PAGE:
Winter depression, seasonal depression, the winter blues… the number of names alone that we have to describe seasonal affective disorder (SAD) is just one indicator of how deeply the down side of winter can affect us. What is already a least-favourite season for some is increasingly being recognized as a potential trigger for regularly recurring depression in some people.
People have long recognized that seasonal changes can affect mood, especially in places with long, dark winters. The oral traditions of some northern cultures have words and terminology that note the relation between midwinter and mood disorders. In Sweden, there’s lappsjuka (“sickness of the Lapps”) while Iceland has skammdegisþunglyndi (“short-days’ depression”). Norwegians simply refer to mørketid—“murky time” or Polar Night as a season of low moods, when daylight is fleeting. Indeed, any society living up north knows how dreary winter can be.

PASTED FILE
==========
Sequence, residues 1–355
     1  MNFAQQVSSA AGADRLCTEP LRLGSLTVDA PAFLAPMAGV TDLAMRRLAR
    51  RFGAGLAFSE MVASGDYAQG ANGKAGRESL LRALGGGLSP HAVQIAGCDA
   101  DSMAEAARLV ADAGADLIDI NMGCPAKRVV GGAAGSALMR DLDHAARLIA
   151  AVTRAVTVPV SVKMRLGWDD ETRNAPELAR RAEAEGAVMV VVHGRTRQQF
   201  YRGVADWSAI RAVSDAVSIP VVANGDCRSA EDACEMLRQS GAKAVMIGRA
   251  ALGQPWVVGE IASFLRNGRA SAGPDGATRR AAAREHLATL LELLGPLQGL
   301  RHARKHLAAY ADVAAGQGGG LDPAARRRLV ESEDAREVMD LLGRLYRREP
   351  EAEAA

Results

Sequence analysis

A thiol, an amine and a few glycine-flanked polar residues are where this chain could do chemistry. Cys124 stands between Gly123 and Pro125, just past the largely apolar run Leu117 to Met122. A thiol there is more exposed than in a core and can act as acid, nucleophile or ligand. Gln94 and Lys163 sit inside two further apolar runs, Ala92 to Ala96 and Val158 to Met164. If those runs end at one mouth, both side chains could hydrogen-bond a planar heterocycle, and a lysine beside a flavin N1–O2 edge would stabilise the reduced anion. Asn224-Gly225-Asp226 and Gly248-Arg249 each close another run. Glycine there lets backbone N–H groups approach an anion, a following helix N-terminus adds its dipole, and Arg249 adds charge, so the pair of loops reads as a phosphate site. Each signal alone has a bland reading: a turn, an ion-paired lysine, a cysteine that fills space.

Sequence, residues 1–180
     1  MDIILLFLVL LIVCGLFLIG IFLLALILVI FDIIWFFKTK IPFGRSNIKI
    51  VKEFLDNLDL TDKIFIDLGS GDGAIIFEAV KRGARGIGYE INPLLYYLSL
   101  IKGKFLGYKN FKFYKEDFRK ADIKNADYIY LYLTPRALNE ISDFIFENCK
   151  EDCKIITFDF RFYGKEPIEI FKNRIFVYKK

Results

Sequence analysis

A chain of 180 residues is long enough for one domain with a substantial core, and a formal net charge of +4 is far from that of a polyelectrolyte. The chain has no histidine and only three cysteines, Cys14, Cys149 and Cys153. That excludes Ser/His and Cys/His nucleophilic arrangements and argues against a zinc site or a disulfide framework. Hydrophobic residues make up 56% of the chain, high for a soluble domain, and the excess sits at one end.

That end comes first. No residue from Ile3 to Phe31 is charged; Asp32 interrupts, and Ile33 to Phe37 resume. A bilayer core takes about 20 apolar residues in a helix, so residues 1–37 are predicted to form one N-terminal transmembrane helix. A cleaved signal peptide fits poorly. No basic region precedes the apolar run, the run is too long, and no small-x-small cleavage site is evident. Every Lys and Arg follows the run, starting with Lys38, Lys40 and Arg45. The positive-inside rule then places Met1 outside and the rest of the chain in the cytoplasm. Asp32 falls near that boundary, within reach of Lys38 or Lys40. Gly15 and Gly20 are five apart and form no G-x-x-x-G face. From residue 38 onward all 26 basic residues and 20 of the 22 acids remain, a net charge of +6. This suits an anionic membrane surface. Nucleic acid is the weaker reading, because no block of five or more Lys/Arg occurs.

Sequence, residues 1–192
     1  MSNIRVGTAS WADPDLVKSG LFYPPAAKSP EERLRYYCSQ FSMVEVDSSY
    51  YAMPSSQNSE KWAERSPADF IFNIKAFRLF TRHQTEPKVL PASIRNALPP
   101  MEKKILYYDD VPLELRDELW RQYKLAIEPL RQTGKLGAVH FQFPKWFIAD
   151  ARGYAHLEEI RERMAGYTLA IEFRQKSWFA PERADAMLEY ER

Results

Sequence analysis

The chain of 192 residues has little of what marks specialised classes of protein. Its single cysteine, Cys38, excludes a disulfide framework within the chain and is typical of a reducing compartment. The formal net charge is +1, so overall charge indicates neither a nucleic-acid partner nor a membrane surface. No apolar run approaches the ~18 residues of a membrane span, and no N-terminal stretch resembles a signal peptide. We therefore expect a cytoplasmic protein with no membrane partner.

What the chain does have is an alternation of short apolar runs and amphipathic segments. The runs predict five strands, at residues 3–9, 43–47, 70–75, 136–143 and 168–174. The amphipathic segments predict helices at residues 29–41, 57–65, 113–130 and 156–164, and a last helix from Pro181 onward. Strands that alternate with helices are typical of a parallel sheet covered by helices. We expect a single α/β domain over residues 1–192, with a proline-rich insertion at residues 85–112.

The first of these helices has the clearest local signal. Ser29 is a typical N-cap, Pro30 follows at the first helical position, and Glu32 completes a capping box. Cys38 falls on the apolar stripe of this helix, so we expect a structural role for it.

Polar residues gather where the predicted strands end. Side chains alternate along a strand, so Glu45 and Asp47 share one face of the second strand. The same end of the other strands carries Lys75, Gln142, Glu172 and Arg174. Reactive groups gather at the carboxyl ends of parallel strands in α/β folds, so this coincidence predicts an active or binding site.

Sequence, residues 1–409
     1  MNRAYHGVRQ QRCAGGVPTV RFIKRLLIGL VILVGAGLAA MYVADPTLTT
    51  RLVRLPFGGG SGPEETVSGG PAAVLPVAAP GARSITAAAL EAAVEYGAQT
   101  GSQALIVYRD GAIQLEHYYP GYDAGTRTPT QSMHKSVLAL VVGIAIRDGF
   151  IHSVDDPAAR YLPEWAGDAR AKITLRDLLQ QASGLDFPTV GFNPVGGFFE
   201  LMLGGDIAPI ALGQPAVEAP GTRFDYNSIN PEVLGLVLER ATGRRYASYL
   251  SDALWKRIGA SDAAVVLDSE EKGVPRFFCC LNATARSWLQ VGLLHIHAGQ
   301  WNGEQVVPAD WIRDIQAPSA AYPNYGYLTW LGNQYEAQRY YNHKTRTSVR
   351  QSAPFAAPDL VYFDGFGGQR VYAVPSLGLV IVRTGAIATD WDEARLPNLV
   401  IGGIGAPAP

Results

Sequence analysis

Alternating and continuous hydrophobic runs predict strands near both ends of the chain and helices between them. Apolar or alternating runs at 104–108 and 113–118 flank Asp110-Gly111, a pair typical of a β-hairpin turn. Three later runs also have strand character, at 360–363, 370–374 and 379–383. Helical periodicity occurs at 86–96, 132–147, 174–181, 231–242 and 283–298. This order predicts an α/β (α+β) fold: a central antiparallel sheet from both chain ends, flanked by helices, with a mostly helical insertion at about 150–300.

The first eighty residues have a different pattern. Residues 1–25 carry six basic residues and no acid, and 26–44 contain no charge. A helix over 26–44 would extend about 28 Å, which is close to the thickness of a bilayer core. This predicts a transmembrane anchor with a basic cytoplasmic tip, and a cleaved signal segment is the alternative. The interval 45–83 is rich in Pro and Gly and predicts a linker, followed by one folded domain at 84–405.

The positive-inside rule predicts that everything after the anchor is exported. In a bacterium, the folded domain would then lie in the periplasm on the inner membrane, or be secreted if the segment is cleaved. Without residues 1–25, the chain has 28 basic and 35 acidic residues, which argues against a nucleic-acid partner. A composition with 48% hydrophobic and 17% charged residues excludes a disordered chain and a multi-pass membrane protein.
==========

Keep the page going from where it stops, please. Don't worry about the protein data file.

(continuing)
But in the medical community, acknowledgement has only come recently. Research began in the late 1970s, and by 1984 the condition had a name. In fact, several of SAD’s pioneering researchers were themselves seeking answers for their winter blues. The first to describe SAD and coin the name was psychiatrist Norman E. Rosenthal, after he and his wife experienced the disorder firsthand after moving from their native South Africa to New York City in 1976. Initially, descriptions and diagnoses of SAD were met with skepticism, but years of research, writing, and patient activism gradually shed some light on SAD, so to speak. It eventually found its way into Diagnostic and Statistical Manual of Mental Disorders (DSM), a publication by the American Psychiatric Association that serves as an authority on the subject.